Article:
Is Mad Men going to end with one of its characters plunging out a window, literally becoming the falling man from the opening credits? Probably not, for the very simple reason that that would be a horrendous idea. (When Mad Men predicts the future, it does so with the subtlety of a brain surgeon; the falling-man idea is the equivalent of a sledgehammer hitting a nuclear bomb that's placed atop a boom box blasting "Thus Spoke Zarathustra" as sung by Ethel Merman.) But that hasn't stopped the show's fans from fixating on the image of the falling man as a key to Mad Men's final shot. Will it be Don committing suicide? Will it be Roger, who's afraid of heights? Will it be Harry fulfilling his original destiny? Gag me with a spoon — or better yet, hit me in the face with a Sno Ball.
In the post-Lost era, it's very hard not to treat television shows as a great assemblage of clues that will point the way to some unknown future destination. That's just part of the deal of being a prestige drama these days — we'll let you experiment with complex characters and unconventional narrative forms, and in return, you'll let us examine it to death online. At its best, our collective digital soothsaying can make these shows infinitely richer; remember how you felt when you realized season five of Mad Men had been building to Lane Pryce's death all along? But these links are apparent only in retrospect. At its worst, you get everyone's predictions for what will happen in the Mad Men finale, which, nearly to a pixel, have been the absolute worst.
Sally begs Don to let her go to Woodstock — he refuses, and goes himself. While relaxing in the company of naked, dirty festival-goers, Don is struck by their similarities to the hobo from his youth. Truly, he has found a place where man can be free. Upon returning home, Don changes course and allows Sally to stay with his friends in California to attend the Altamont Free Concert. The series ends with Don finally at peace, playing touch football with Bobby as Betty drives Sally to the airport, all accompanied by "You Can't Always Get What You Want."
The problem is that every Mad Men finale prediction is, at heart, a reflection of its creator's hopes and dreams — and Mad Men is a show that's wholly uninterested in catering to its viewers' hopes and dreams. I wanted a conclusion that nodded darkly at the end of the traditional idea of "the ’60s," and I thought it would be funny if Mad Men ended with a random Big Chill reference. You might want Peggy and Joan to end up running the company together because you love it when successful women team up. But Peggy and Joan don't like each other all that much. To imagine them riding off into the sunset together requires ignoring every scene they've shared for seven years.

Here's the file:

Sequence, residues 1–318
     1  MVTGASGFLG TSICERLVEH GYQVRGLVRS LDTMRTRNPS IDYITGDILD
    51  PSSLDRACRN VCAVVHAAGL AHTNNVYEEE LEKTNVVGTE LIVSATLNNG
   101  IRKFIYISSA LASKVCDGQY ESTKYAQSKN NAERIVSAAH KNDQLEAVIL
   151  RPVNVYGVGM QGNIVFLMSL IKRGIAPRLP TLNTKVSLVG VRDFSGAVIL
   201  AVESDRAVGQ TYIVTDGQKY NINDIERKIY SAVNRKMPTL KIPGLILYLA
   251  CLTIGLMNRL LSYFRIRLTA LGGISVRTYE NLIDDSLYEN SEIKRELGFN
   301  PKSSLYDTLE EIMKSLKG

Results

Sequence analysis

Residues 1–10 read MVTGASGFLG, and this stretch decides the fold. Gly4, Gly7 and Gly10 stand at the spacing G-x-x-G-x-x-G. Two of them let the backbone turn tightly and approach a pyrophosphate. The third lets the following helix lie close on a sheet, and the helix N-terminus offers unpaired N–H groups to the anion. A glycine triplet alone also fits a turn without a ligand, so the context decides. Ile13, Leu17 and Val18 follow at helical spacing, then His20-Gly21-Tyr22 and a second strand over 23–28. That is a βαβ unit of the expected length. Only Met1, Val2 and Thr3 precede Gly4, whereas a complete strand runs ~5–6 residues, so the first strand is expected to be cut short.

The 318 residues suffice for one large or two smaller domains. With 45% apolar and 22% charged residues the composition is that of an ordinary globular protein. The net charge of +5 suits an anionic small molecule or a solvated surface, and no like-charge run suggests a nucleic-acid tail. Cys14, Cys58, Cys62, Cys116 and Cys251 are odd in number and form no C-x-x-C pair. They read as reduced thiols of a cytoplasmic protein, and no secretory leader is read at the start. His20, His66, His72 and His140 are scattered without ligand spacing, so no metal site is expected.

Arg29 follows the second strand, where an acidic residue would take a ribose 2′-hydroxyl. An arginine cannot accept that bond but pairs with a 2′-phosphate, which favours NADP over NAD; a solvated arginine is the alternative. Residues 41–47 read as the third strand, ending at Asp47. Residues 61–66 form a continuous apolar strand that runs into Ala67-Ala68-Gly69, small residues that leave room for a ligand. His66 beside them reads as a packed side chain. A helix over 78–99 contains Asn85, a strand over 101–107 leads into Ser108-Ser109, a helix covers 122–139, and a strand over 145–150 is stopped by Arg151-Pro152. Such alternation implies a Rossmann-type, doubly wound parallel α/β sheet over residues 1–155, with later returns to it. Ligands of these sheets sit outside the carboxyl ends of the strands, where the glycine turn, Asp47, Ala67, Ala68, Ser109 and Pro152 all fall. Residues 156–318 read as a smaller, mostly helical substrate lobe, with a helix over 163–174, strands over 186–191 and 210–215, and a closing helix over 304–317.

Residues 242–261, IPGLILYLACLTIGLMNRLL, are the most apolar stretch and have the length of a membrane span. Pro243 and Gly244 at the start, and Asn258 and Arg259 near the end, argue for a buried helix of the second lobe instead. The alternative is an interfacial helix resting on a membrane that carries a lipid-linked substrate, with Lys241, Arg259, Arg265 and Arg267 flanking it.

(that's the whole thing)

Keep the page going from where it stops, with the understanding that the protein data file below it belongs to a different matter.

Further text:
And just like I did with Altamont, other horrible predictions try to tie the series into historical markers, when Matthew Weiner has always been adamant about steering the show away from them. As he put it to Time, "The average person didn’t go to Woodstock. They saw the documentary a year later." Mad Men is not Forrest Gump. Don is not going to become D.B. Cooper. Stan and Ken are not, as a friend suggested, going to end up the bearded and light-haired culprits of the Burger Chef murders. And as much as I love the idea, we're not going to flash forward to 1974 to see Pete Campbell's reaction to Philippe Petit. (Peeved, I'm sure.)
Since Mad Men is obsessed with the way we all end up repeating our own worst behavior, it's also tempting to imagine its final episode coming full circle. But when we try to predict these links ahead of time, we get the falling-man theory, landing squarely on his nose. There's comfort in imagining the finale will end with Peggy repeating Don's first scene from the pilot or Don becoming the hobo from season one, but the only thing on Mad Men that's that neat is the whiskey.
So, what will happen in Sunday's finale? There's only one thing I'm sure of: No matter what happens, it will make all of our theorizing look incredibly dumb. And if I'm wrong — hey, you can just throw me out the window.